Sadly, I couldn't stay longer as I needed to get my train before the football match finished and lots of people headed for their trains home.
Fortunately, the station was only a five-minute walk away, barring getting across the road via a series of new pelican crossing points!

New Walk Museum
Leicester...
It was good to get away from my desk for an afternoon...

Have you been to a book launch in a place that wasn't a bookshop?




Sunday, 20 October 2019

A Week of Learning...

It's been a busy week so you'll be getting two posts today and tomorrow, otherwise it would be a very long post to read.

I was scrolling through my Twitter feed earlier last week and saw a link for the Romance Writers Summit. There was a free sign up to see the sessions released each day for five days- though this was a time zone in America.

After signing up I watched a few of the six sessions and they were interesting and useful. There was an email waiting the next morning in my inbox with the link to sign-in and go to page for playing each session.

It was like the online conference that the Alliance of Independent Authors do twice a year; you can access the content for a limited time but after that you need to buy an access pass, but with this summit that would give access to additional content and downloads related to some sessions.

Having been struggling with the beats in Act 2 of the Three Act structure- I'd been reading up on it and was still not clear around the middle mark, but then it all fell into place with NYT Bestseller, author Marilyn Brant. Her session 'Breaking Down Pride & Prejudice by the Beats' finally made sense of the troublesome middle.

Now I need to apply what I've learnt to my own novels!



Back to offline life, Friday was a workshop session held by the Nottingham Story Weavers, my local RNA Chapter, on Social Media & the Savvy Author with author Talia Hibbert.

She is brilliant and a lovely person too...

Talia has a book coming out early November with Avon, 'Get a Life, Chloe Brown'. So we received some insights on her social media use around the new book, and on using several social media platforms.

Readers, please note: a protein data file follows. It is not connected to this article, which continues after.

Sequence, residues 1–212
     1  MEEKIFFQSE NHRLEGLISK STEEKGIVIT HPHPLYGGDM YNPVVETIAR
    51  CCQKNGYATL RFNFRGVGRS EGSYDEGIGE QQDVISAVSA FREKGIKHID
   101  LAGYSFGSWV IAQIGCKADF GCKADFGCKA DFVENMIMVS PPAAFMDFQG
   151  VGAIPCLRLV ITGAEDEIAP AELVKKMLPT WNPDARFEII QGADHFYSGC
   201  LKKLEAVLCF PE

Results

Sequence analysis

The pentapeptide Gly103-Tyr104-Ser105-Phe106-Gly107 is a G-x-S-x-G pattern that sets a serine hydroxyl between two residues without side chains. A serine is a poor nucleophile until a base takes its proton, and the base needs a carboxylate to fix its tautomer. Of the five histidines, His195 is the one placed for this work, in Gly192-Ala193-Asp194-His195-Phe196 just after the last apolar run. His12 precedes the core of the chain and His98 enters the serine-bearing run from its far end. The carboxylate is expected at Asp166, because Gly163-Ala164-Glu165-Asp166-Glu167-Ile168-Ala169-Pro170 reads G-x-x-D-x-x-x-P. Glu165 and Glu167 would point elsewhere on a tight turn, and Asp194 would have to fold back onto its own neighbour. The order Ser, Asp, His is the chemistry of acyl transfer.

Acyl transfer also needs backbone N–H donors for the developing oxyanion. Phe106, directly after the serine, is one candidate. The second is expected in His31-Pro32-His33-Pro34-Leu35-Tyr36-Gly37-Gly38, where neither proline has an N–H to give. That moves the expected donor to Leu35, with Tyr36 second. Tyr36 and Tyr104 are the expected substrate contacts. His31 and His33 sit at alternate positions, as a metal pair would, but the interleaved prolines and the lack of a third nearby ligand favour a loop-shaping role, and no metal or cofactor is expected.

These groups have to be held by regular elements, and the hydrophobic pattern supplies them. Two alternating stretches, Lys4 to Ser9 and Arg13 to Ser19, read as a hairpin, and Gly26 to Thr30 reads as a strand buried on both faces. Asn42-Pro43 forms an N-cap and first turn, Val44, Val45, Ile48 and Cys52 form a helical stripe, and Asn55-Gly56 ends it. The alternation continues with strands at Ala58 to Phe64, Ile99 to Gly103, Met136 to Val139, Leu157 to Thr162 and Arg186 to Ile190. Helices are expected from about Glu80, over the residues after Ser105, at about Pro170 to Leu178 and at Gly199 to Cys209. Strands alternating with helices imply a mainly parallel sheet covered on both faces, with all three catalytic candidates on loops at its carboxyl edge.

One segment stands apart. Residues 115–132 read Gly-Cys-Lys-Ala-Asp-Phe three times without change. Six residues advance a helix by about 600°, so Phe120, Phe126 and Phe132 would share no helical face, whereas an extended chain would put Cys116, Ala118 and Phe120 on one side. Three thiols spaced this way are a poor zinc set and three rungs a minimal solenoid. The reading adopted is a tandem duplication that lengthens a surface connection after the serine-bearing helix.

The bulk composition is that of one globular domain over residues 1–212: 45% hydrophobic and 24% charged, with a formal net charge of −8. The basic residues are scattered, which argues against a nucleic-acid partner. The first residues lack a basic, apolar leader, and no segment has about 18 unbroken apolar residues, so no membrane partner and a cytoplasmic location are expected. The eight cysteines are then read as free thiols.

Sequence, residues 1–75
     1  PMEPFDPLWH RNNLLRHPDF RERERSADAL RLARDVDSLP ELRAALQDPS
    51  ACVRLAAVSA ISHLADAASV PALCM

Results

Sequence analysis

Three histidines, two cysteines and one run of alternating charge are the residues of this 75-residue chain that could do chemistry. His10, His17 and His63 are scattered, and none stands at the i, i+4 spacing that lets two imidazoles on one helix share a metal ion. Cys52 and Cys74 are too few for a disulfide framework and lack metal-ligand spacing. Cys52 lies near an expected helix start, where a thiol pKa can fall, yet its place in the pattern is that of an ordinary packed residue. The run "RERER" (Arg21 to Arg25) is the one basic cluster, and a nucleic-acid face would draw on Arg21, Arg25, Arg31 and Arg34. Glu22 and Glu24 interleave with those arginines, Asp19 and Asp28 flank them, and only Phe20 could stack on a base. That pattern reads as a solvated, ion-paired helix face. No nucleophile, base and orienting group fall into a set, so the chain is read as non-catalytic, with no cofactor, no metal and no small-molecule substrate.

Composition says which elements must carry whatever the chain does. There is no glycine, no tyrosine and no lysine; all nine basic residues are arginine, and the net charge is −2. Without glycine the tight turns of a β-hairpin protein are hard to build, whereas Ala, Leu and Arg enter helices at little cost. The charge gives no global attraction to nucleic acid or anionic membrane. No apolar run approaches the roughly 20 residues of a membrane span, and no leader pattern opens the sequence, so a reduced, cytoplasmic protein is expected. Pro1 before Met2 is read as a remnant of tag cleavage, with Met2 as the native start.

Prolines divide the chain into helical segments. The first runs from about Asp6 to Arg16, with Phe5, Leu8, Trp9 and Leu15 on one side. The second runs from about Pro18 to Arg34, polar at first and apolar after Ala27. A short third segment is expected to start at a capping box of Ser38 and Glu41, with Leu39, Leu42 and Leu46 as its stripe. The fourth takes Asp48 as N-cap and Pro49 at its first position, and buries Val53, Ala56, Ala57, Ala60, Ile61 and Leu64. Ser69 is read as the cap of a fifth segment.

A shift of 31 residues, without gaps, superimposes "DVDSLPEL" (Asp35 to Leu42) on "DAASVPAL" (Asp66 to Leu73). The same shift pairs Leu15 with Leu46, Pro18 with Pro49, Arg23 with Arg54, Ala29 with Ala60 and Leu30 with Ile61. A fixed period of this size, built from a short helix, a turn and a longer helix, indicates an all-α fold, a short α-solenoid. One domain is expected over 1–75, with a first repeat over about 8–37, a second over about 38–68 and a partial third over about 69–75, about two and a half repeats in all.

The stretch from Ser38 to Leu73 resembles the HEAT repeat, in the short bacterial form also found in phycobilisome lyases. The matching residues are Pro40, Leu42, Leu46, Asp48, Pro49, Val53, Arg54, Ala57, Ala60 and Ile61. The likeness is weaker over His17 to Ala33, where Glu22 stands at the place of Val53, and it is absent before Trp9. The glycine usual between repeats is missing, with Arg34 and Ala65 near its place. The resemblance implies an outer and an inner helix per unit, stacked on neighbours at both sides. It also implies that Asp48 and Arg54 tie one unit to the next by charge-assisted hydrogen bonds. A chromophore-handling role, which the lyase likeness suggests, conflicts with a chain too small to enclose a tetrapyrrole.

We all see writers with great social media posts, photos and images with the accompanying text. I've wondered how to do these correctly. Well, now I know and it's not complicated. 

There were examples of specific tools that make the process user-friendly. I will definitely try them out.

There were three things (among many others) that Talia emphasised as important: a website and a mailing list for your newsletter, and your author brand. 

For the couple of hours we had, there was a lot of practical and helpful content with the visual displays- and the handout with the website links we needed.

By the end we were all buzzing with a renewed energy.

If you'd like to find out more about Talia and her books, then pop over to her website.


Join me tomorrow to read the second post about my day in Leicester...



image:pixabay.com



Monday, 14 October 2019

When Amazon's KDP Met East Midlands Writers...

East Midlands writers heard from Darren Hardy, manager of the KDP UK (kindle direct publishing) at an event organised via the Society of Authors last Thursday evening.

They held the event at The Nottingham Mechanics- the regular venue for Nottingham Writers' Club meetings, so this was a local and a great opportunity to attend.

This was only the second time KDP had run this session so they're still refining the event and learning from each one.